"The Art of German Stoneware, 1300-1900" by Jack Hinton

The Art of German Stoneware, 1300-1900 From the Charles W. Nichols Collection and the Philadelphia Museum of Art Jack Hinton

Publication date:
29 May 2012
Yale University Press
60 pages: 279 x 210mm
90 color + 1 b-w illus.
Sales territories:

Bold, bright, and functional, stoneware ceramics produced in the German-speaking centres of what is today Germany and the Low Countries were highly valued and widely traded in Europe and North America from the 16th through to the 18th century. In the 1600s, the heyday of stoneware production, these handsome, practical ceramics found an enthusiastic market in colonial North America. The addition of relief decoration and a brilliant salt-glaze during the Renaissance raised the status of these wares. Later examples eschewed such narrative ornament for more abstract floral or geometric patterns, and greater competition from other centres and mediums in the 18th century led to more unusual and original forms.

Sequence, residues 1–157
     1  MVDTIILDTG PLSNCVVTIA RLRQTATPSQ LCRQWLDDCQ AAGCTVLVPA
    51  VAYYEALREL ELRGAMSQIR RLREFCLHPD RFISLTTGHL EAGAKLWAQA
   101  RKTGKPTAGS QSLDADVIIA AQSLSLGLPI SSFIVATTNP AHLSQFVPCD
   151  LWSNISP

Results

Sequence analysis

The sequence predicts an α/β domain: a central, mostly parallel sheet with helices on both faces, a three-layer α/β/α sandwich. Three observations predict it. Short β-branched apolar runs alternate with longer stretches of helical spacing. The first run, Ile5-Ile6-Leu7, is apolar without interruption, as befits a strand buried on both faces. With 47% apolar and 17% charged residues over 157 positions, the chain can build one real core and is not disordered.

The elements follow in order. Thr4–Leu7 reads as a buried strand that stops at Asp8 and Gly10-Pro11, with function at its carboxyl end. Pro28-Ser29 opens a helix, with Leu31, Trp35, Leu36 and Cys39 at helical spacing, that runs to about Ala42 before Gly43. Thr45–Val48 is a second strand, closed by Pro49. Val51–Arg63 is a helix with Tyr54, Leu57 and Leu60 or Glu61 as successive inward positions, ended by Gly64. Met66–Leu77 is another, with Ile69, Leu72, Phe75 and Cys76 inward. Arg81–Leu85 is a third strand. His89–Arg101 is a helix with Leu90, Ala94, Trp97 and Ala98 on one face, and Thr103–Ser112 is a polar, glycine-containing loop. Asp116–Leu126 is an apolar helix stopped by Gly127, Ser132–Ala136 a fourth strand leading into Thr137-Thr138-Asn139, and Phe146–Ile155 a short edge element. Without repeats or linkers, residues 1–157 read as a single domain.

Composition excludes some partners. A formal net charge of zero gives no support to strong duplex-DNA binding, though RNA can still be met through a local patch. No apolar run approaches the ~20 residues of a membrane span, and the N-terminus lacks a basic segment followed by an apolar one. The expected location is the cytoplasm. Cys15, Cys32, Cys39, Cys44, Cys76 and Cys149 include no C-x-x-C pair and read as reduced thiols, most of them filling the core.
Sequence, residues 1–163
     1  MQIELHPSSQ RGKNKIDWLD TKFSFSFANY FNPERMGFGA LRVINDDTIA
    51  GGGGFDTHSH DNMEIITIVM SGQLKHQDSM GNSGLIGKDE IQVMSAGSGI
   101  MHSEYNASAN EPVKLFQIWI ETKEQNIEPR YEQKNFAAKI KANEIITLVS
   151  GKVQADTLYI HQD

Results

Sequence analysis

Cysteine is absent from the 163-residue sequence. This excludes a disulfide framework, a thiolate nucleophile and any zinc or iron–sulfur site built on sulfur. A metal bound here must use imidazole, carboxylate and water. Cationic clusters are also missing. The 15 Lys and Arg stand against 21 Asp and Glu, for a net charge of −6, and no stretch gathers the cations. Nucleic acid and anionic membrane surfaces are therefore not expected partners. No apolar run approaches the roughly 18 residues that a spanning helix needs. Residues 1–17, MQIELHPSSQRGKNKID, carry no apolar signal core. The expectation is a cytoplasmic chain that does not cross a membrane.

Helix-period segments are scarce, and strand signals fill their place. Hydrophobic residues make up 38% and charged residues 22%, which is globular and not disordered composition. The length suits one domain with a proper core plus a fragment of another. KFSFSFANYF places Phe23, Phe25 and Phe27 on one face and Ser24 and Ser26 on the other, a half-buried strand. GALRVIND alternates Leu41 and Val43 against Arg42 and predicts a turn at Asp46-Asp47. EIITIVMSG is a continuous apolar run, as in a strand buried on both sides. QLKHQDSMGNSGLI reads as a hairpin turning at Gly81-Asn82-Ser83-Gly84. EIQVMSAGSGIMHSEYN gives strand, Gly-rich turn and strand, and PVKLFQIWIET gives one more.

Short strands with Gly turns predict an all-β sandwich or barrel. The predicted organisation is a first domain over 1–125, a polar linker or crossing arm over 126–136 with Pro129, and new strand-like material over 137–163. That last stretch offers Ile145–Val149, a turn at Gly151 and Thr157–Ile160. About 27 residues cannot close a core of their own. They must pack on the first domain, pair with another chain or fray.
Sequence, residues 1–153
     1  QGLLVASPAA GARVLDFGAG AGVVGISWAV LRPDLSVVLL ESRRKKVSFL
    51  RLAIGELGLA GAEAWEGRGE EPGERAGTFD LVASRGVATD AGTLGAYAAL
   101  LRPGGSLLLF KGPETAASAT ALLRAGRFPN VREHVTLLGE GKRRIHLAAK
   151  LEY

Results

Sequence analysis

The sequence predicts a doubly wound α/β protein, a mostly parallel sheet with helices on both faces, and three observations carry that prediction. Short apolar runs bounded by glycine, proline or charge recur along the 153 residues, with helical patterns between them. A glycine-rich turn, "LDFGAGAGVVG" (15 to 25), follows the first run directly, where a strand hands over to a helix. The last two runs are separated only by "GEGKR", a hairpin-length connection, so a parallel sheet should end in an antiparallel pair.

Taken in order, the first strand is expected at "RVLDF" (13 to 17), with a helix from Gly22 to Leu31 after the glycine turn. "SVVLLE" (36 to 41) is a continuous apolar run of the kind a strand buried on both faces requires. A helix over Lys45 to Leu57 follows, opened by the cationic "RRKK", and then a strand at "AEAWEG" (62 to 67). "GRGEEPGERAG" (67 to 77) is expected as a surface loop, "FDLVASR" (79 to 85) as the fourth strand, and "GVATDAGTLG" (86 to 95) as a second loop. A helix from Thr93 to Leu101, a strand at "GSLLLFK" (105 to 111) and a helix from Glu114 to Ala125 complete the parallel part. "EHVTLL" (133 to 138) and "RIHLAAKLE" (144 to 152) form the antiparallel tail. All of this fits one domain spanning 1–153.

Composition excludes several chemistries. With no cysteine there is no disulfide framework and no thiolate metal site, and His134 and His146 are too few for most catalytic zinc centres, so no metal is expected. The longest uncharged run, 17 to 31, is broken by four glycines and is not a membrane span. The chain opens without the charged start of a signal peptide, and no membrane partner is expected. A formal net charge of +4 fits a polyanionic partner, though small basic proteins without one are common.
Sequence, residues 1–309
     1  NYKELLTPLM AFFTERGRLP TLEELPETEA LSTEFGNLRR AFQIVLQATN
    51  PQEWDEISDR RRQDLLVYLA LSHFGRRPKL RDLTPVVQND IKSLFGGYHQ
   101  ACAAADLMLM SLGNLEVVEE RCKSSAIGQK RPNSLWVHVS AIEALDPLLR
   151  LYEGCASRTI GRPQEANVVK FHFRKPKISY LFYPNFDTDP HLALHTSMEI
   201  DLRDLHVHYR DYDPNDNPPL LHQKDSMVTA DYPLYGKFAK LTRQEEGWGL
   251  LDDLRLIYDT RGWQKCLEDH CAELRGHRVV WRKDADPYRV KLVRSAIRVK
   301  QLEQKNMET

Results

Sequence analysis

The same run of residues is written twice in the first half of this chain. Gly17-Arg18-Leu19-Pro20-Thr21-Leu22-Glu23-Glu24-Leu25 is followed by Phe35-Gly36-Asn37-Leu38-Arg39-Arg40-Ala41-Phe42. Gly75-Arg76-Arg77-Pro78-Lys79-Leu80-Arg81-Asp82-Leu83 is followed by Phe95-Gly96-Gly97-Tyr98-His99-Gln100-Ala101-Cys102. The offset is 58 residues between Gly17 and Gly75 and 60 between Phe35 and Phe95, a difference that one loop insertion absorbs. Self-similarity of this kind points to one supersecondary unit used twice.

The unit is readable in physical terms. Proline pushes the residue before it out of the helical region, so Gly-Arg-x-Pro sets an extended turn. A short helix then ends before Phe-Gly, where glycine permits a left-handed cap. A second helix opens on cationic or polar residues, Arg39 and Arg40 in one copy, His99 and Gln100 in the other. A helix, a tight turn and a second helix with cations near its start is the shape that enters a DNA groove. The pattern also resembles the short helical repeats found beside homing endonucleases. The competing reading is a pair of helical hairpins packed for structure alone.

About sixty fine stoneware pieces from the Philadelphia Museum of Art and a promised private collection testify to the success, artful decoration, and fascinating variety of this medium. Author Jack Hinton describes the developments in stoneware through these notable examples, and colour images bring their details to life on the page for the first time. With their bold designs and bright colours, these works exhibit the perfect balance of utility and beauty.

Jack Hinton is assistant curator of European decorative arts and sculpture at the Philadelphia Museum of Art.

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